Saturday 19 November 2011


Charles Dickens was a conjuror: he produced unforgettable characters and scenes out of thin air and made them an indelible part of national – and world – culture; but he was also a keen amateur magician who amazed his literary friends with his acts of legerdemain.

Dickens has now become inseparably associated with the Christmas season – largely as a result of that 1843 ghost-story-with-a-moral, A Christmas Carol, and the other Christmas Books that followed.

The story of the tight-fisted Ebenezer Scrooge, Marley's Ghost, Bob Cratchit and Tiny Tim and the Spirits of Christmas Past, Present and Yet To Come has been told and re-told to a point when it has ceased to be a literary phenomenon and has assumed a mythic status.

With the success of what Dickens called his little "Ghost Story of Christmas", the Victorian theatre – where ghosts were being regularly being conjured as an ingredient of plays and programmes of entertainment – began calling up Scrooge's spectral visitors with the aid of the cutting-edge special effects technology of their age.

This December the British Library celebrates the author's particular fascination with ghostliness and spookery in an exhibition, A Hankering after Ghosts: Charles Dickens and the Supernatural.

Theatre Poster

To coincide with the event, David and I are presenting a couple of performances of A Christmas Carol and the Conjuror: a divertissement combining a reading by me of Dickens' famous text – as abridged and performed by the author in his Public Readings of 1858 – interspersed with magical interludes from David featuring a cavalcade of mystifying tricks inspired by Scrooge's saga.

Performances are on Friday 9 December 2011 at 6:30 and Saturday 10 December at 2:30.

Don't be a HUMBUG: BOOK NOW!

Portrait of Dickens by Scala


elizabethanne said...

Oh, how I wish I could be there! Why do I live so far away?

I must get my copy of A Christmas Carol out and read it on one of those nights, and imagine myself there, at any rate.

SCB/Beth/you know...

Suzanne said...

I don't suppose David will be performing in Durham in April?
I absolutely love the poster!

Boll Weavil said...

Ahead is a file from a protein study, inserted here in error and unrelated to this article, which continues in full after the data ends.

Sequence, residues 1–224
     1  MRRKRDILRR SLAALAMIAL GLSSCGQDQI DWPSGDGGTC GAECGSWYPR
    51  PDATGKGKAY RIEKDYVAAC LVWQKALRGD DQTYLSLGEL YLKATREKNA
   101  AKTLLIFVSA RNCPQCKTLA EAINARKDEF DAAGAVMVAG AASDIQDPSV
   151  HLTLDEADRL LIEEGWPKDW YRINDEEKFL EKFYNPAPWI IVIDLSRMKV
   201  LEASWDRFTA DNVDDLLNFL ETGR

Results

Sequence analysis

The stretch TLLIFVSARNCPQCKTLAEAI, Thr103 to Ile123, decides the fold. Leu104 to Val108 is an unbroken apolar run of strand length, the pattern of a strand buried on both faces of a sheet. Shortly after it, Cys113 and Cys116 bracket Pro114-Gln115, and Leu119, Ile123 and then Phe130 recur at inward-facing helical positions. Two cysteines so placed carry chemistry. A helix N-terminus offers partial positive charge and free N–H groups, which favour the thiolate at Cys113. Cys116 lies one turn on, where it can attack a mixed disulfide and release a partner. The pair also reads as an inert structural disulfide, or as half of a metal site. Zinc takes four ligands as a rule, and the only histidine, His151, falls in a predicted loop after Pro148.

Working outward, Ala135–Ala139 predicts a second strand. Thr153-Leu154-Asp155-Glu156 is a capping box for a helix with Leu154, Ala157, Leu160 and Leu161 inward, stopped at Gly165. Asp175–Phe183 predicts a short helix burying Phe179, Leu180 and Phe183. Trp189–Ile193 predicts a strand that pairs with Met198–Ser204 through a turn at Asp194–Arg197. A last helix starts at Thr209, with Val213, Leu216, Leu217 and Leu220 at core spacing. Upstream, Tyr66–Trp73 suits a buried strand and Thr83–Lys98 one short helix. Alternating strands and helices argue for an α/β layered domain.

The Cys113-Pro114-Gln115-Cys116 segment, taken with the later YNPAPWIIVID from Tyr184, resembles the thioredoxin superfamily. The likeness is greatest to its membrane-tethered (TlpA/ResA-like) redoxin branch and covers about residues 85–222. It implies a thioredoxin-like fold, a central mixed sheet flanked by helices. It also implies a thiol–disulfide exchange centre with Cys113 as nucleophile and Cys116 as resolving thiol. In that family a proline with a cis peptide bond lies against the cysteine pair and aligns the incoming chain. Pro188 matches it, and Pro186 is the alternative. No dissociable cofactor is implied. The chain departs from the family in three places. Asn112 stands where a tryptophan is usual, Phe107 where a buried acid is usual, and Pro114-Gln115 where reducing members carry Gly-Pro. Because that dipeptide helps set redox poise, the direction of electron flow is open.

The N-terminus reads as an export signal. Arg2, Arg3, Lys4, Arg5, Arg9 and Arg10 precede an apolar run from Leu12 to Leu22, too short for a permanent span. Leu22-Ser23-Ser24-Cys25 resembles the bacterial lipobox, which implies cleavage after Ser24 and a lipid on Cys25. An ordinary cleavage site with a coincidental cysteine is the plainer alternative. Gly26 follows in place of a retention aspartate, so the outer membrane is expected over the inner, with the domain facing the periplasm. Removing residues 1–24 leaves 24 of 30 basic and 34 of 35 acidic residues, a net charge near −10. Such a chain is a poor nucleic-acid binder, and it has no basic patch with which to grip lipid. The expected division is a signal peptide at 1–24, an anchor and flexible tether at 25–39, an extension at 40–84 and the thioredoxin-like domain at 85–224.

Back on home territory Mr B. Sounds like a magical performance !

Brian Sibley said...

elizabethanne – No, it's me who lives so far away! ;)

Suzanne – Why Durham in April?

Yes, the poster is great: one of the items on display in the new British Library exhibition.

Boll – True! Summer and Autumn: Wonderland and Gormenghast; Winter: Scroogeville!

Actually, it's a few years since I publicly read the Carol, so I am a little nervous knowing that the spirit of Chas D will, inevitably, be hovering close by!

Boll Weavil said...

...and he is standing, in the spirit, at your shoulder !

Roger O B... said...

We'll be there , heckling, on Friday!

Roger & Sheila
GRIANCO: grey wine

Brian Sibley said...

Boll – the Man himself says! :)

Roger – Very reassuring! ;)

WendyLady@GoodBooks said...

Oh, I would love this! We are actually possibly making a December trip to London, but not until later in the month, so we'd miss your performances. Bah and Humbug!

Maybe we'll make it to see the exhibition at the British LIbrary, if it's still on. Have a wonderful show - break a leg!

Brian Sibley said...

The exhibition will be on until the March, so you will certainly be able to catch it.

TitusL said...

Amazing poster,
Thought you might like my machinima version of A Christmas Carol

Brian Sibley said...

Celestial Elf - Thank you! I have many versions of A Christmas Carol in my collection and another is always welcome!

SharonM said...

What a good idea of Suzanne's to perform it in Durham - so easy to then up up to Glasgow and do a repeat performance!

Suzanne said...

I don't often go over to England, but I have finally decided I have to see Durham cathedral, so I am having a mini-break at Easter...
It would be great evening out!